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Townsend’s Festival of Football finally comes to fruition - in another city

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21st March, 2024

Football purists all over Australia were cringing this week at the announcement of three blockbuster end-of-season exhibition games bringing English Premier League’s perennial underachievers Tottenham Hotspur and Newcastle United, as well as Women’s Super League heavyweights Arsenal, to the nation’s self-proclaimed sporting capital in May.

Like the circus rolling into town, the A-Leagues end of season extravaganza and the private closed-shop EPL fixture polarises the nation. Some people love it, some people hate it.

Attending exhibition games has never filled me with joy. Aston Villa, Tottenham and West Ham have graced our shores in recent years, and it was very easy to let the roadshow blaze through town unnoticed with minimum hype and TV coverage behind a paywall.

At least Celtic, Liverpool and Leeds played against A-League teams, more interesting to the local football fan as a somewhat flimsy yard-stick for the quality of our own national league compared to the high-profile European leagues.

After all, every player in Australia would jump at the chance to play in Europe; it is quite rightly seen as superior and a blueprint for what we should be doing here. And whether you like it or not, everyone has a favourite European team.

The A-League All-Stars concept was revived in 2022 post-COVID, when Barcelona were somehow coaxed out to play the cream of the A-League crop at Stadium Australia. It was a huge success, and had Garang Kuol finished that mesmerising run with a goal, the A-League would have shot even further into the SIlver Lake stratosphere.

This was the peak for APL CEO Danny Townsend’s vision of the future that had been so badly affected by the lockdown, and that game was a fantastic advert for our league.


When it all unravelled the following year when the Sydney Grand Final debacle tarnished our reputation and Bayern Munich weren’t remotely interested in an end-of-season jaunt so soon after the end of their own season, the so-called Festival of Football ended up being a disaster.

The astute addition of the A-League Women All Stars in 2024, or colloquially the Dub All Stars, is a masterstroke this year, fuelled by the insatiable appetite for the Matildas.

MELBOURNE, AUSTRALIA - FEBRUARY 28: Michelle Heyman of Australia celebrates with team mates after scoring a goal during the AFC Women's Olympic Football Tournament Paris 2024 Asian Qualifier Round 3 match between Australia Matildas and Uzbekistan at Marvel Stadium on February 28, 2024 in Melbourne, Australia. (Photo by Robert Cianflone/Getty Images)

The Matildas celebrate a goal against Uzbekistan. (Photo by Robert Cianflone/Getty Images)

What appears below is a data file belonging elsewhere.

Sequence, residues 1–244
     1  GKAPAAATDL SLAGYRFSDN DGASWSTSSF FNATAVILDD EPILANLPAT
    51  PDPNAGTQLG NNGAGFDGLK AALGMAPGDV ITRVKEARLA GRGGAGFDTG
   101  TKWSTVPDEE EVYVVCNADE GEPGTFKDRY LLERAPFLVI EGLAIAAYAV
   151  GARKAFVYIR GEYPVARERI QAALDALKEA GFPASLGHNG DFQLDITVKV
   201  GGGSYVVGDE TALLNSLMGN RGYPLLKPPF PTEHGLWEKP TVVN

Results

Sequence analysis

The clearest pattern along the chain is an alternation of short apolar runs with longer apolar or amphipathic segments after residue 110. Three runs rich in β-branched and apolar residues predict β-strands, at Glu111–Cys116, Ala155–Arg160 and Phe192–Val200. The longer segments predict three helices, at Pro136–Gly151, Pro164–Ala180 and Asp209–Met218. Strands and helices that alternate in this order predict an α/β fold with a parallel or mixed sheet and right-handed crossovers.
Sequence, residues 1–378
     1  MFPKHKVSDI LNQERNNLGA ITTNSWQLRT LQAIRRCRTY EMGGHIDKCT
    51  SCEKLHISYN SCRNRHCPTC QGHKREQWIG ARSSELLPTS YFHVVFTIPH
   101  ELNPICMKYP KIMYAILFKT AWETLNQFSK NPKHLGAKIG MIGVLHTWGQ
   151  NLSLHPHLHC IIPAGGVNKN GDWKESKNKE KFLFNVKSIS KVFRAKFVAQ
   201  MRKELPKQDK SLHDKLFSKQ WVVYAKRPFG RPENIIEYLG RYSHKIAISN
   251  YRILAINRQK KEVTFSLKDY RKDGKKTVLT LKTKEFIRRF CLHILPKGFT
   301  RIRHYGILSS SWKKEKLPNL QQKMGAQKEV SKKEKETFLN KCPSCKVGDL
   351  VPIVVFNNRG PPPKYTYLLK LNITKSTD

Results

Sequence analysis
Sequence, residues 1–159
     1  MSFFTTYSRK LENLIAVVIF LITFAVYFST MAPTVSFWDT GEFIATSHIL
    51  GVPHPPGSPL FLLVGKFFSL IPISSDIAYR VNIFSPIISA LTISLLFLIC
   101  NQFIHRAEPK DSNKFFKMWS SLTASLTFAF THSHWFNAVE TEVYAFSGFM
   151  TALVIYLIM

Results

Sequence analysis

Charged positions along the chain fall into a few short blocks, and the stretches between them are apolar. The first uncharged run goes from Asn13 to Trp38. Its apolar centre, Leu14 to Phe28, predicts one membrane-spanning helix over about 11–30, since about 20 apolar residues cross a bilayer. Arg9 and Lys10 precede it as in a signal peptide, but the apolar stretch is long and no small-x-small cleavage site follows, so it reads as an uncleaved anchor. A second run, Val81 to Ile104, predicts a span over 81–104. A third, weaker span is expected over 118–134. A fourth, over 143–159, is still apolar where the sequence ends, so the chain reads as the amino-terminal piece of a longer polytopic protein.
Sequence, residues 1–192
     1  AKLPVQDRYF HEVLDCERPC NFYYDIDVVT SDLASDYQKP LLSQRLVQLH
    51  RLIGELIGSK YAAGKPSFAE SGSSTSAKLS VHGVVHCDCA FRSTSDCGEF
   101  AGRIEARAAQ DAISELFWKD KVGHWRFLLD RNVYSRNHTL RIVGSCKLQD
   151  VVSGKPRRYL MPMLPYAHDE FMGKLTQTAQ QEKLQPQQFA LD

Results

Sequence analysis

There was only one team that could fit the bill and that was Arsenal, a team laden with world-class talent including its own Australian contingent, and of the three games scheduled in Melbourne, this one will surely be the most sought-after. Let’s just hope that the ticketing is in line with other women’s football events in Australia, and we don’t see any outrageous price-gouging to turn real fans away.

Being a diehard Toon fan since birth, the Newcastle United-Tottenham Hotspur fixture on the Wednesday night at the MCG is a must-attend fixture; had it been any other team, I would not be going.

The opportunity to sing the Blaydon Races pre-kick off is just too enticing, hanging out with fellow unhinged Geordies at the game instead of in the early hours at Cheers Bar must be done, and had I turned up my nose at this fixture, after an epic journey to Dunedin to see the Mags play ten years ago, that would be sheer madness.

The added attraction of never having been to a sporting fixture at Melbourne’s premier sporting venue saw me booking flights as soon as the news came through, and the addition of the two A-League All Star fixtures on the Friday night at Marvel Stadium sealed an already done deal.


Being a diehard Sydney FC fan since inception, and with the team consolidating a top-six spot in the home straight, the mouth-watering prospect of a Grand Final the very next day is not beyond the realms of possibility. Wouldn’t it be great to know where that is, so we can book our flights and accommodation or extend our stay in Melbourne with confidence?

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Funnily enough, Townsend’s idea wasn’t so ridiculous after all. If the APL could have delivered on an end-of-season festival of football last year after consulting the fans first, we could be looking at the biggest week of A-League football ever seen. The A-Leagues Grand Final Festival of Football is back, baby, get on board!